The Sonnet

MANY years ago on a summer job, one of my fellow workers suddenly recited to me a sonnet of Shakespeare's he had been forced sometime previously to memorize in school. It was the only time I ever heard him talk without profanity. Shakespeare would have been pleased with his verbal fire. I was. It was a fine nugget in the silty stream of his speech. I think the form, neatly cinched up with its couplet, helped him capture the poem as a unit. No doubt the task had been inflicted on him. It certainly hadn't changed his life. But he had retained some finely stated ideas gathered in an economical and beautiful form. That package, and its expectations of excellence, are one of the resources of our poetic life - and of his and mine.

My friend had memorized an ancient form, originated sometime in the early 13th century by Italian poets who developed it from the Sicilian strambotto, a regional folk poem. Called in Italian the sonneto, or little song, the new poem was formalized by Giacomo da Lentino and others.

Ever since, sonnets have had, with a few exceptions, 14 long, metrical lines, with a formal rhyme scheme. They have also generally maintained internal divisions of thought structure. The sonnet was no exception to the medieval love of complexity in verse, though it was far simpler than most poetic forms of that time.

Surely its originators had no idea what they had accomplished in creating a poem that would survive the disappearance of almost all the other forms of the time, would spread throughout Western literature, and would become a form on which many great poets have lavished attention.

The sonnet was centuries old when it entered English in the work of Sir Thomas Wyat, who apparently picked it up on an Italian journey in 1527. His compatriot, Henry Howard, the Earl of Surrey, further developed it, first adopting the variation we know today as the Shakespearean sonnet. Though the English did not immediately embrace it wholeheartedly, by the end of the century, in the work of Shakespeare, Edmund Spenser, Sir Philip Sidney, Michael Drayton, and others, the sonnet saw its high point in the language.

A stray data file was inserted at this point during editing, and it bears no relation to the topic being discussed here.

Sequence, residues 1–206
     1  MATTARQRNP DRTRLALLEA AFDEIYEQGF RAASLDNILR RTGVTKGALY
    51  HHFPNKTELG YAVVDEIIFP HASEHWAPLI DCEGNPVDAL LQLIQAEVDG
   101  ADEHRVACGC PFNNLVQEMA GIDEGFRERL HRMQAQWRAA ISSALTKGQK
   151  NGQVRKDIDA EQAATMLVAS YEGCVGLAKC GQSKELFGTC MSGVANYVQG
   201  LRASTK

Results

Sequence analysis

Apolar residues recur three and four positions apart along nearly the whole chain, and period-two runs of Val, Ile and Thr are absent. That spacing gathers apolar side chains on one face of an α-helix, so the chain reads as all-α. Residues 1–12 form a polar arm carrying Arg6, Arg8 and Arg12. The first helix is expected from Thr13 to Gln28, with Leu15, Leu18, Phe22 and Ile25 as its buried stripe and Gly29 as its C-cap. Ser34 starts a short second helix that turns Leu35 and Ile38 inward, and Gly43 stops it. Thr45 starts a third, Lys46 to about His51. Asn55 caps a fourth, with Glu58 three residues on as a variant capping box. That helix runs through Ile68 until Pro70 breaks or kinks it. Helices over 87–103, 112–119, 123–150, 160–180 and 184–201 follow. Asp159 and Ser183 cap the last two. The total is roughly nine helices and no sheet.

But it was by no means all downhill from there. John Donne's famous ``Holy Sonnets'' took the form into the 17th century. Milton wrote great examples. After a lull in the 18th century, which seemed hypnotized by the heroic couplet, the great sonnets of Wordsworth and Keats seemed to usher in the 19th century. Since then, while sonnets have been avoided by some, and despised by others, the form has persisted in the English-speaking world.

Even the advent of free verse and the flood of new forms did not prevent the sonnet from persisting in 20th-century American writing. Frost, Pound, Millay, Merrill Moore, and even E.E. Cummings produced fascinating examples, and today Richard Wilbur, Howard Nemerov, and others have continued the tradition.

BUT sonnets have never been universally admired, even among poets who have written them. In our time, with its love of poetic freedom, new sonnets are often, even generally, seen as fripperies or exercises. As poetry editor of the Saturday Review, John Ciardi would not even look at a sonnet. Some moderns maintain that the sonnet is an essentially European form not suited to American character, which needs the freedom of the Whitmanesque line.

The writer of sonnets is challenged. Not only does the sonnet make formal demands, but somehow it expects a solid content, a serious discussion, tightly structured yet lyrical. A light observation cannot easily be stretched into the form - the result is merely a verbal curlicue. A complex subject tends to strain its seams with unstated implications. And yet earnestness is what the sonnet expects.

Good sonnets tend to be understated without seeming to be. They growl in dulcet tones, say deeply essential things in the voice of someone ordering a light dessert, or batter against the form while taking care not to break it.

Many writers of sonnets have to prune, clip, coax the poem into harmony with its impetus. They tear it apart and rebuild it until form and function join in an entire harmony. And yet they maintain the spontaneity that both fulfills the form and frees the poem from it.

In times intolerant of obvious rhymes, as ours is, sonnets have to preserve rhyme while muting it, so it creates the harmony of a distant bell, not the whack of a frying pan against the sink. With demands like these, naturally there is no such thing as a monolithic sonnet form, only norms and outlines.

Certainly there must be reasons for the vitality, the slight resurgence of sonnets. Alone among medieval forms it has widely survived and spread to many languages. My friend who remembered Shakespeare's sonnet would have wilted under a sestina or villanelle. Sonnets are neat, manageable packages. But they are more than packages. As a form that has fascinated great poets of many Western cultures, they are an ongoing resource. One imagines with pleasure the great sonnets yet to be written.

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